Kat Valentino (KV) and Vincent Mosemann (VM)
KV: We were in such dire straits that it was, ‘Throw everything in the van and go.’
We had no way to cook food, no bed. We had a pile of blankets on the floor in the back of the van and all three of us slept like puppies in a basket.
There wasn’t any tomorrow, or next week, there was just right now.
VM: For me, I was working full time, but I wasn’t getting a whole lot of money. I was like, ‘How am I going to afford an apartment?’
When I told my mom I wanted to move into the van, she said, ‘I feel like you’re running away from your life.’ I told her, ‘I feel like I’m running towards it.’ But I was worried about being in the middle of the desert with no safety net. Then I met you. And now I kind of joke, you’re like my adopted mom.
KV: Your road mom. [Laughs]
VM: My road mom, yeah. You had your feet on the ground longer than I did, so it was nice to be able to reach out to someone.
KV: And be fed by someone. [Laughs]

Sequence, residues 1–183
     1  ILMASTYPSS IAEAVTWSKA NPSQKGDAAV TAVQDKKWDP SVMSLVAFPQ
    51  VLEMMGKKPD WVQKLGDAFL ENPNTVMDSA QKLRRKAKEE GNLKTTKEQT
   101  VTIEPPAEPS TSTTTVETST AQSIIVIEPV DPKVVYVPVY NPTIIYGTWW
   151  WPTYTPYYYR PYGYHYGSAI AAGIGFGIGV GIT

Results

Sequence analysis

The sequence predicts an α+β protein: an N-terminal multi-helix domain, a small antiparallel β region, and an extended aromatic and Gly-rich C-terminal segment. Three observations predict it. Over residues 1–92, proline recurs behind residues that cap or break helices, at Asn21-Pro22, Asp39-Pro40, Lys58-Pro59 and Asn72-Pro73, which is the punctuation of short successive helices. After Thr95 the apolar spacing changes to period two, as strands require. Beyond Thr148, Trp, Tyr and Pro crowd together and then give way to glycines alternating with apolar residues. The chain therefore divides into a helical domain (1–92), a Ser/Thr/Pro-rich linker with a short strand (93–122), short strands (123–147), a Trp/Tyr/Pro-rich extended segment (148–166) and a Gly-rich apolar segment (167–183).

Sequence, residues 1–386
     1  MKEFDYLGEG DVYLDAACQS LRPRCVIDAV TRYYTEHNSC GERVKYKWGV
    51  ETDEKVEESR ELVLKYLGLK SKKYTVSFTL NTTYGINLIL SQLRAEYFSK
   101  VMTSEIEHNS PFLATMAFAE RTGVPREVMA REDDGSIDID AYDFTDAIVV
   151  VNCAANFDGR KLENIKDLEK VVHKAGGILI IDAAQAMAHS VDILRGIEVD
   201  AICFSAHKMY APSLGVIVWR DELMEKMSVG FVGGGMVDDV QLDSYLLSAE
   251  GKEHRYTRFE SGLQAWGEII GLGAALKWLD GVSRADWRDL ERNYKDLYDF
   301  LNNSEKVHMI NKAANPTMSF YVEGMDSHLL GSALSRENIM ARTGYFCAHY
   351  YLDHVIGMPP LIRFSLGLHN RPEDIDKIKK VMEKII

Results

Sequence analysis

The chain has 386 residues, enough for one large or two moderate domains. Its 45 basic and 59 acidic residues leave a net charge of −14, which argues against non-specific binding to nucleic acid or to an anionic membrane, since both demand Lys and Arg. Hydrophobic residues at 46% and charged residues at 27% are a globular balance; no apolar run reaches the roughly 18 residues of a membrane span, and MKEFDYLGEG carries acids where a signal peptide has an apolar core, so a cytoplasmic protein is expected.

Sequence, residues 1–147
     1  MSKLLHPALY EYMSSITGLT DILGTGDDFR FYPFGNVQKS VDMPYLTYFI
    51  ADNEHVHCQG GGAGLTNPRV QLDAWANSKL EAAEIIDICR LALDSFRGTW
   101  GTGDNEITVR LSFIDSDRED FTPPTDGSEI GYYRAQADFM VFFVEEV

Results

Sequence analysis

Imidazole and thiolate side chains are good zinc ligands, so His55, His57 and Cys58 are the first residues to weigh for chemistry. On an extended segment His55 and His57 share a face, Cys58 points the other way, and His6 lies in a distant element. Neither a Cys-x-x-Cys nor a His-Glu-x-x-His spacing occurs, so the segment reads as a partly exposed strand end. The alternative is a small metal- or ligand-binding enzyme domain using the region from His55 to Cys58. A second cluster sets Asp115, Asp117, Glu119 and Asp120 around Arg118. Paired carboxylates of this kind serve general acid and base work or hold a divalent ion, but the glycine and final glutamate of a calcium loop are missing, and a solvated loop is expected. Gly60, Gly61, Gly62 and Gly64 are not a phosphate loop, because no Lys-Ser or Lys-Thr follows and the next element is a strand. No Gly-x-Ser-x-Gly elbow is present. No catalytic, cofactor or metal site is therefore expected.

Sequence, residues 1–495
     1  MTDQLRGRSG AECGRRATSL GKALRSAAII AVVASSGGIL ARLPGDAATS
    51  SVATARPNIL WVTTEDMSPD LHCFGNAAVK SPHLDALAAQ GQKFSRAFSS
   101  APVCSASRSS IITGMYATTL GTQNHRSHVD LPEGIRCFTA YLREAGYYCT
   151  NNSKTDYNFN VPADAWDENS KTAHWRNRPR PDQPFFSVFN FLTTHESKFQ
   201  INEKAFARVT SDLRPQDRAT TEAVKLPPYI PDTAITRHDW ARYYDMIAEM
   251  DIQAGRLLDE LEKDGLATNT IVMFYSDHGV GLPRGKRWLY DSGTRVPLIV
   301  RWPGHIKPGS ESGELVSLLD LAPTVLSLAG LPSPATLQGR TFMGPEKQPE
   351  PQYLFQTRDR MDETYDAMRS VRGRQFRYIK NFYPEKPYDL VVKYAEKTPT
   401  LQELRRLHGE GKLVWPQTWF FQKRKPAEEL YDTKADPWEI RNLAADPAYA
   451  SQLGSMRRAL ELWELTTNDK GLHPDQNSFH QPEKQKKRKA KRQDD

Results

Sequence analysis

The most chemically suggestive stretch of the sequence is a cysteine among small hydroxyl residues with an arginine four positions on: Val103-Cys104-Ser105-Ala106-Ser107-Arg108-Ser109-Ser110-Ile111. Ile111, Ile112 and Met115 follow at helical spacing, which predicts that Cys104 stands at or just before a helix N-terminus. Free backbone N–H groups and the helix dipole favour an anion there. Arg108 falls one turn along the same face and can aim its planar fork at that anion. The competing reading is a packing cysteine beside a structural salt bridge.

VM: And be fed, yes.
KV: One of the realizations I came to is that the people who have the least are the most generous.
VM: Yeah, I didn’t feel like I was just out there trying to figure everything out by myself. And living on the road, you have to slow down. Because if you don’t, you’re gonna miss the little butterfly floating around, or you’re gonna miss the fact that the hummingbird is in your camp.
KV: Exactly. So, what do you think the biggest lesson you learned was?
VM: That I can stand on my own two feet, but that doesn’t mean I can’t ask for help.
KV: We had been pushed by circumstance, but regardless of what happens, we know that we can handle it now.